What to expect on our assessment days
The assessment day is a really good opportunity for boys to find out what it might be like to be a chorister here. We usually ask boys to arrive at about 9:20 am in time for school assembly. Sometimes we see boys in small groups, just one or two on a particular day; on other occasions there may be a larger number of boys visiting all together. Whatever the case, the atmosphere is informal and relaxed in order to put boys at their ease.
There is no need to dress up for the occasion. Wear something comfortable and bring a pair of trainers with you so that you can play on the field at break if you would like to. Don’t forget to bring your instrument if you have started having lessons, and some music to play. We don’t expect an advanced level of instrumental playing but often it is possible to see potential in the way in which a candidate approaches his playing.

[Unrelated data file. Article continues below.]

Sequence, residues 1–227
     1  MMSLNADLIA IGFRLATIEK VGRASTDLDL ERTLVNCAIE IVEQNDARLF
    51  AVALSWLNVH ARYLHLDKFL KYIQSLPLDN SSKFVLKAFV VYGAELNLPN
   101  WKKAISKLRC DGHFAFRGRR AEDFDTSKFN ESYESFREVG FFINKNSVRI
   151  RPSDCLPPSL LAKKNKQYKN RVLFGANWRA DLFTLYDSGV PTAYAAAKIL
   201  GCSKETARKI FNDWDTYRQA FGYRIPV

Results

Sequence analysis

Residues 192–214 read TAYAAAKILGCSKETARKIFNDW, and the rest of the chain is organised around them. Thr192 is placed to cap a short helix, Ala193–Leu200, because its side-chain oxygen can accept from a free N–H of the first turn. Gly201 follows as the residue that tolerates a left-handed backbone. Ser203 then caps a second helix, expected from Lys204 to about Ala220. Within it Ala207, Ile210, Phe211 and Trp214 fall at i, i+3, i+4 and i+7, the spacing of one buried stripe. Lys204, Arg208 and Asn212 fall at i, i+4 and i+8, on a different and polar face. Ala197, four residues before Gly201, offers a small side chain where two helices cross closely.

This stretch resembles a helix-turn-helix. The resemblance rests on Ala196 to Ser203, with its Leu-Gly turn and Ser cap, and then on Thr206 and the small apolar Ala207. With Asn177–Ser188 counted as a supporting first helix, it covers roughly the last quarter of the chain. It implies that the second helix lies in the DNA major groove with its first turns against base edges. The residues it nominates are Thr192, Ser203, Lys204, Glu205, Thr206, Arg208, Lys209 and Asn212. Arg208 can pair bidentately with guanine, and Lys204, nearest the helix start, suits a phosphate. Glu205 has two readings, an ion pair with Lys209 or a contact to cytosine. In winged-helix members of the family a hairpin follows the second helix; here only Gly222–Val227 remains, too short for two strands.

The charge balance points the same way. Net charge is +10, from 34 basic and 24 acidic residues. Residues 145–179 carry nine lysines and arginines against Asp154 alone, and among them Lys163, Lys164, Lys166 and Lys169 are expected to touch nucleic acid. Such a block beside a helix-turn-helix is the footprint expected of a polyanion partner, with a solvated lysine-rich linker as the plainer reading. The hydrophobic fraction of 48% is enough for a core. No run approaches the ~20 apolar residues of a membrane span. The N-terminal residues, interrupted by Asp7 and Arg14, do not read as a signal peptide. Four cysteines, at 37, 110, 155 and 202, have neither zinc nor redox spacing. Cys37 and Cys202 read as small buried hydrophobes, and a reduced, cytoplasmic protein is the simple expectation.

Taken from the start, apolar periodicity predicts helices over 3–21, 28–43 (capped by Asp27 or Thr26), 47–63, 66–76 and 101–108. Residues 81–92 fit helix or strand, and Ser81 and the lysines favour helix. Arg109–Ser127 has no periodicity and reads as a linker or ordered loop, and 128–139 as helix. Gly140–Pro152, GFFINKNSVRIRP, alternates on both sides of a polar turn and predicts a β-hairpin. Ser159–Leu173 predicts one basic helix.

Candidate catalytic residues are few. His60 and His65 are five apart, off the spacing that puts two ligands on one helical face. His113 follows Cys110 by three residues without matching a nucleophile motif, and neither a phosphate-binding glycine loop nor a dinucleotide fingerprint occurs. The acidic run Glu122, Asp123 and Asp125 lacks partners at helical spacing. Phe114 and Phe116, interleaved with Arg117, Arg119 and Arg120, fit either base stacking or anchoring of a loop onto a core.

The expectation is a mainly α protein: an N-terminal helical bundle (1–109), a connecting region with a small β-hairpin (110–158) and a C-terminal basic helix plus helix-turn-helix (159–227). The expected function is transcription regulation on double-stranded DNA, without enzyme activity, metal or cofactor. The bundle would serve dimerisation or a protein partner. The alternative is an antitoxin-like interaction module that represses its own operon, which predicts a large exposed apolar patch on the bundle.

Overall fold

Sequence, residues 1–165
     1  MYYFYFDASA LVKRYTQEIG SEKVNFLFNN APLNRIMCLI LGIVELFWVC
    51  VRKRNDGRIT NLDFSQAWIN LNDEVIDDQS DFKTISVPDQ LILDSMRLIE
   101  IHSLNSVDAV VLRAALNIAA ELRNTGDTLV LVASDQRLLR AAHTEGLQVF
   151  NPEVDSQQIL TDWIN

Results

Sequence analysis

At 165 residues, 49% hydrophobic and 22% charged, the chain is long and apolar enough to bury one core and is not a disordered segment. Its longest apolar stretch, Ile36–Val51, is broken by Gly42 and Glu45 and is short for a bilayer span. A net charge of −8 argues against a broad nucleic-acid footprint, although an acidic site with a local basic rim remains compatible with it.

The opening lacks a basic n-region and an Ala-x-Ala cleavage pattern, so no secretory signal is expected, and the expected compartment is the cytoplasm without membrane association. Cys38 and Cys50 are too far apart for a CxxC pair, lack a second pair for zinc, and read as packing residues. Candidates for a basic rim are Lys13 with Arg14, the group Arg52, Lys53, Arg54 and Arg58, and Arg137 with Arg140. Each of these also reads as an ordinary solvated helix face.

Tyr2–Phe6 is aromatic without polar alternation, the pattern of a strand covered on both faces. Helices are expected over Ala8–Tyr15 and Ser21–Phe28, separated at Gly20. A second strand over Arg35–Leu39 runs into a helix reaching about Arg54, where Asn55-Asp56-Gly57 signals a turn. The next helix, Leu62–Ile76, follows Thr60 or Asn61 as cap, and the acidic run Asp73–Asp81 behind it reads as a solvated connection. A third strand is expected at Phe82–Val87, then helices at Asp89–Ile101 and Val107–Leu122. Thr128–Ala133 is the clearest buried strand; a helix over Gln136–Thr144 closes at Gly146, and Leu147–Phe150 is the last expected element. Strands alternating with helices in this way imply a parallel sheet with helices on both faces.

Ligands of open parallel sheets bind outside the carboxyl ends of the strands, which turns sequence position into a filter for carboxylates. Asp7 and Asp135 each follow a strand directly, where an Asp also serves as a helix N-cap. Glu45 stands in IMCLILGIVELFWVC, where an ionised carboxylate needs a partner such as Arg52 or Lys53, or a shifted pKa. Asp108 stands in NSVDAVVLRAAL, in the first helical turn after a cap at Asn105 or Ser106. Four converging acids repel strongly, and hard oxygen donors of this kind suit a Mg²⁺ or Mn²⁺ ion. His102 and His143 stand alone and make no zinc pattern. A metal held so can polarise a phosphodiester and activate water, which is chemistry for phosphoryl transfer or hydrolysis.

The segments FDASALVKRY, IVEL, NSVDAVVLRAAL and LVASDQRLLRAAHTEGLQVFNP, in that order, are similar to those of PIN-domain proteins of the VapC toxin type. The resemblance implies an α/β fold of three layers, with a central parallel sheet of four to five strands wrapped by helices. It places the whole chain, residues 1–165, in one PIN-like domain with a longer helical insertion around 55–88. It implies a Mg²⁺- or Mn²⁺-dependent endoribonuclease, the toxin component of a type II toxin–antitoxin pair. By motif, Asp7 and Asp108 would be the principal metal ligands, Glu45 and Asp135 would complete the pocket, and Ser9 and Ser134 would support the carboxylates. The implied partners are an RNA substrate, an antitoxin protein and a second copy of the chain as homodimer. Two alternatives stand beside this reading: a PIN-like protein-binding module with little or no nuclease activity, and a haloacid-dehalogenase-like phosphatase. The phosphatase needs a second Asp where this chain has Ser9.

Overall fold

During the morning Mr Roberts, the Headmaster, will usually do some simple standardised tests in mathematics and spelling. There is no need for any special preparation and the tests are based on material that would normally be covered within the National Curriculum at an appropriate level. Although boys need to be quick on the uptake if they are to thrive as choristers, we are not academically selective. We are looking for someone who responds well to a challenge, and someone we think will really benefit from the opportunities we can offer.
Mr O’Donnell, Organist and Master of the Choristers, together with one or more of the music staff will then audition candidates individually. This is usually a very enjoyable part of the day and he will do many of the same sorts of tests that he did at the preliminary informal hearing.
After lunch, there is usually an opportunity to have a good look round the school, guided by some of our junior boys, before joining one of the normal lessons taking place. This gives the boys a very good first-hand experience of what life at the choir school might be like. It also allows us to see how boys respond amongst peers, and this is a crucial part of what it takes to be a chorister.
The day usually finishes at about 3:30 pm, though sometimes, if candidates haven’t previously come to a service in the Abbey, they can stay for Evensong, sitting alongside the choir to experience what it might be like to be a real Abbey Chorister.